My dad passed away last June. He lived all of his 97 years in the same city. He had lived in our grey stone ranch ever since 1959, when he and my mom had it built.
My three siblings and I spent ten days clearing out the house so it could be put on the market. Once we started delving into each room (especially our own bedrooms, still set up they way they were when we were kids), we were amazed and delighted at what was unearthed. One of my brothers found his Safety Patrol badge from elementary school, my sister read to us from her middle school diaries, and I discovered a big chunk of my cast from when I broke my arm in 5th grade. We found that not much had been thrown away over all the years. My sister came bounding up the stairs from the basement one day with one of the best finds: our parent's wedding cake topper... from 1946! None of us had ever laid eyes on it before.
Of course, objects from the past evoke all kinds of feelings. It's a sad time after a death. You're already filled with raw emotion, so running your hand over your recently deceased father's favorite sweater can bring on a torrent of tears. I found myself wanting to put so many of the sentimental objects from my whole life! in the plastic bin with my name on it. How could I part with my mother's needlepoint pillows? My dad's glasses? A love note from my 8th grade boyfriend?
But where would I put it all? I have my own house full of things. No way could I clear away enough space for all of these objects!
My daughter had posed a question before I made the trip to my family home. Could it be as meaningful to look at a photograph of the doll that won you a blue ribbon in first grade as it would be to take it home and put it in a drawer or in a box that might get hidden away? Of course! She was right. Just as I had done when I made the "Estate Sale" series (when my husband and I downsized from a house to a small apartment), I could photograph the objects I wanted to hold onto. And then, maybe... I could let them go?!
YES! Photography flexed its muscle and helped me navigate the ten days during which I said goodbye to, among many other gems, a dance card from a 6th grade school formal, the pack of cigarettes I snuck back from our family's trip to Europe in the late 60's, an autograph from my favorite Kentucky Wildcat basketball player, my Dennis the Menace Club membership card, and my grandmother's Mah Jongg tiles.
I asked my siblings to set aside their own pile of sentimental objects with which they didn't want to part. Theirs, along with mine, became my portrait subjects. I dragged a kitchen chair over to a window, draped it with a piece of black fabric, and lovingly placed and arranged the little pieces of our past so we could always look at pictures of them.
The natural light, the beautiful vintage quality of each object, the spare nature of the scene, and the memories each one held, made for a perfect photo project. I shot them with my iPhone, then my sis and I designed pages containing about 125 pictures and, finally, had a gorgeous book printed by Artifact Uprising. Each of us got a copy.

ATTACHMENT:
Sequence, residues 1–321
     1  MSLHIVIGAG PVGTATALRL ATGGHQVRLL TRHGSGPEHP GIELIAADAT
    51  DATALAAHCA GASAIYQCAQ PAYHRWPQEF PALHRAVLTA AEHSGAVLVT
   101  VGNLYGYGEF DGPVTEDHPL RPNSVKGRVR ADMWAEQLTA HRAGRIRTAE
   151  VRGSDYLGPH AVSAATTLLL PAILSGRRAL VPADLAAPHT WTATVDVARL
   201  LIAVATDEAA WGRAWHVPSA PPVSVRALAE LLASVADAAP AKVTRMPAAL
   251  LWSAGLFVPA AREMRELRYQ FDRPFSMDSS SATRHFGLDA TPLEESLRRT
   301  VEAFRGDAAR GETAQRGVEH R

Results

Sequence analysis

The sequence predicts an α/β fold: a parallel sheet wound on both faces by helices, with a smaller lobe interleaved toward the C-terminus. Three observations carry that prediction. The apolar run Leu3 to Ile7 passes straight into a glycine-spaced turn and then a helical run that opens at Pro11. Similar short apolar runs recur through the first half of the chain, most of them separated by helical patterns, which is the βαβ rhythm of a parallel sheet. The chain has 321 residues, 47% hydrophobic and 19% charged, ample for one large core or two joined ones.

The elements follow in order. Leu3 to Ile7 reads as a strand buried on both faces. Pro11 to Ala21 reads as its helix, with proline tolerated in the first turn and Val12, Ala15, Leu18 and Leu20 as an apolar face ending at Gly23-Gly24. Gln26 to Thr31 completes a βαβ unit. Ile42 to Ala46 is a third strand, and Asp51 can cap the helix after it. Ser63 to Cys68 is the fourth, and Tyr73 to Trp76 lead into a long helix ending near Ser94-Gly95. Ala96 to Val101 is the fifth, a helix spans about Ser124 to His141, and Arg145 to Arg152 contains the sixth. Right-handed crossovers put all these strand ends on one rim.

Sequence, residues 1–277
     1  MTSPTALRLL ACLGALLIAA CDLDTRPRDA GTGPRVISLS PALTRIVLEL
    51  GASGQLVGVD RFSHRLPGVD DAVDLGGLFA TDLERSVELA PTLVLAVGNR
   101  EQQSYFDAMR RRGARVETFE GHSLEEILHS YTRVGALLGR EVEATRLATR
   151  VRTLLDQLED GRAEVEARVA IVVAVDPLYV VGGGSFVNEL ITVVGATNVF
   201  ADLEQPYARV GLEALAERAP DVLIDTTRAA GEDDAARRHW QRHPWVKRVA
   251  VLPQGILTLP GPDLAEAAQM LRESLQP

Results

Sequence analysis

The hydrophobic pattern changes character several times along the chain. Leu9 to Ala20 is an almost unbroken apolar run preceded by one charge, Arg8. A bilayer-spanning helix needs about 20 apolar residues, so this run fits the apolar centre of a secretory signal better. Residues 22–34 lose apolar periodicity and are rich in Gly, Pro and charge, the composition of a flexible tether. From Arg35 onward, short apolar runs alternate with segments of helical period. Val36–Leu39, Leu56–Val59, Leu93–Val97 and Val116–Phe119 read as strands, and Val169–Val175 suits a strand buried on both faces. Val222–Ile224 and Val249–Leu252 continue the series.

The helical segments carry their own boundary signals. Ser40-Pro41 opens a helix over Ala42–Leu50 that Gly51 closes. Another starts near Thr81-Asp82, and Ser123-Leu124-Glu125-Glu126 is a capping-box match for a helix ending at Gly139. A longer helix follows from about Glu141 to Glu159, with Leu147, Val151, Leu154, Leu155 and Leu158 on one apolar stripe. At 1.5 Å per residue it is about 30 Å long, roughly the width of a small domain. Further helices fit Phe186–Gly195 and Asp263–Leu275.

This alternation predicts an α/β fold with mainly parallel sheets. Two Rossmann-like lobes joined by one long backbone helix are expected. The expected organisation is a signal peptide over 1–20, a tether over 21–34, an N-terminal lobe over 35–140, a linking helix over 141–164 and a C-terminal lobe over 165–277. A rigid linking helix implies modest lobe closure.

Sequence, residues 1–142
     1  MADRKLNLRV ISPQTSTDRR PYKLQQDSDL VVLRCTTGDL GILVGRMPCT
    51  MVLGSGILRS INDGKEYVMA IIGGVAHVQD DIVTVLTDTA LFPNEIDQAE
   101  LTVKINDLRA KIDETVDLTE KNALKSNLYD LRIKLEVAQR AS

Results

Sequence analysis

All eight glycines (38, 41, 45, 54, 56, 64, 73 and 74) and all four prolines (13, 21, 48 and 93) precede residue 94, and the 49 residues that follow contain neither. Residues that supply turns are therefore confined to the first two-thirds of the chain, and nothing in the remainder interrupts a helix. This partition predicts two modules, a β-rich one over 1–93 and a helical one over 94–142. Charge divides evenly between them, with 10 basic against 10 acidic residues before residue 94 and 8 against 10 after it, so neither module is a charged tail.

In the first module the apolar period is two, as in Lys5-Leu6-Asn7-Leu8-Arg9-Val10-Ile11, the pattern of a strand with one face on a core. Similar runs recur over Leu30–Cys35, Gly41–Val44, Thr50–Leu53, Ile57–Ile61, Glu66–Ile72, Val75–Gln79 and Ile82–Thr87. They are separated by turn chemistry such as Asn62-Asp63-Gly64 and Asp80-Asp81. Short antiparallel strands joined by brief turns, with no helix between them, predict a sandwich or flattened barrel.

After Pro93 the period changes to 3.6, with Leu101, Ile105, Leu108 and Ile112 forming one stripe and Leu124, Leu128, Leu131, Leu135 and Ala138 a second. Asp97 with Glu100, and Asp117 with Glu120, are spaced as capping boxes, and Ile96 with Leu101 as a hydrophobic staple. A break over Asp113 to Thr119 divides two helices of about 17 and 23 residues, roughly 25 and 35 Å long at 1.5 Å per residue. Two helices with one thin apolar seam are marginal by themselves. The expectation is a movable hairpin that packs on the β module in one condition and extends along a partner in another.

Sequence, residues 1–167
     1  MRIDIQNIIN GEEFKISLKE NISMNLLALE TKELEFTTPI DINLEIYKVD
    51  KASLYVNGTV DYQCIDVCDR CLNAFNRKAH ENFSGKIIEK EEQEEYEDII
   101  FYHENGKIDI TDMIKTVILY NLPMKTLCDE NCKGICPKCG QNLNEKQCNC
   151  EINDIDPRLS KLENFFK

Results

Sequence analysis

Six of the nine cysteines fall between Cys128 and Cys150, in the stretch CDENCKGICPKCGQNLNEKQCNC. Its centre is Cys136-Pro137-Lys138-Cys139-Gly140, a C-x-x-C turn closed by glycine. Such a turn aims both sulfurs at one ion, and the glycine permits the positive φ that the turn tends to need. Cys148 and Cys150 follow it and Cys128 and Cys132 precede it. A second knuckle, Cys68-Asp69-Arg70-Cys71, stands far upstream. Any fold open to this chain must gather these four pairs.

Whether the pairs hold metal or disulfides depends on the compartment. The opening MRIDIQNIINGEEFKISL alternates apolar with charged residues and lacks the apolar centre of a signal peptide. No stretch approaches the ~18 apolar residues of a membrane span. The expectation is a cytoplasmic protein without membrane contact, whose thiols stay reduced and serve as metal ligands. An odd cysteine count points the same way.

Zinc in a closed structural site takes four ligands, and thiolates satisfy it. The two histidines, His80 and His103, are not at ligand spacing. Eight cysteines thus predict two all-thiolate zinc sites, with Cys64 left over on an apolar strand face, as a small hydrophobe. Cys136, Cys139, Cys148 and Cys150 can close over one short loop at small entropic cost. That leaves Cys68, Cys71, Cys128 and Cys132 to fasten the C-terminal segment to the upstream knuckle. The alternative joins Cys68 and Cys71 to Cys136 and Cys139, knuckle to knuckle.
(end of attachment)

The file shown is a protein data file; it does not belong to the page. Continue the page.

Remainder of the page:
It's amazing how often I pick it up just to catch a quick glimpse of my mom's compact or the old radio that used to be on the kitchen counter... and how often the images evoke a certain smell or a certain bit of music. I love being able to turn to these pictures whenever I want comfort, kind of like a grilled cheese sandwich with tomato soup.
The pictures never let me down, and I didn't even need to clear much space on a shelf for the bound collection of them.
In December I'll be heading back to Uganda. Along with a few dedicated volunteers, we'll celebrate the accomplishments of and bring closure to the thirteen-year-long run of the not-for-profit organization (Change the Truth) I founded in 2006.
There's much to do to prepare for the trip, of course. For now I've been sifting through the photographs I made during my eleven visits. It's exciting to discover new images - those that were previously overlooked and one of which is pictured above. While most of the photographs I've made in Uganda have been of the children who stay at the orphanage CTT helped support, I'd often photograph the people who live in and around the village of Kajjansi, where the orphanage and its school are located.
It's a pretty large body of work, and no doubt I will add to it on this final trip. I feel good about the images I've made in Uganda, but mostly I'm proud of the work done by Change the Truth. Because of many generous people, we've been able to provide high school, vocational and university educations to countless students (who were vulnerable and without hope when we first met and who are now standing on their own two feet). We've also been able to provide volunteer opportunities to over 50 kind and adventurous volunteers who traveled with me to teach gardening, yoga, art, music, etc., many of whom told me their lives had been forever changed.
I'll share more as we lead up to the trip and will keep you posted while we're there. December will be here before I know it, and I can't wait!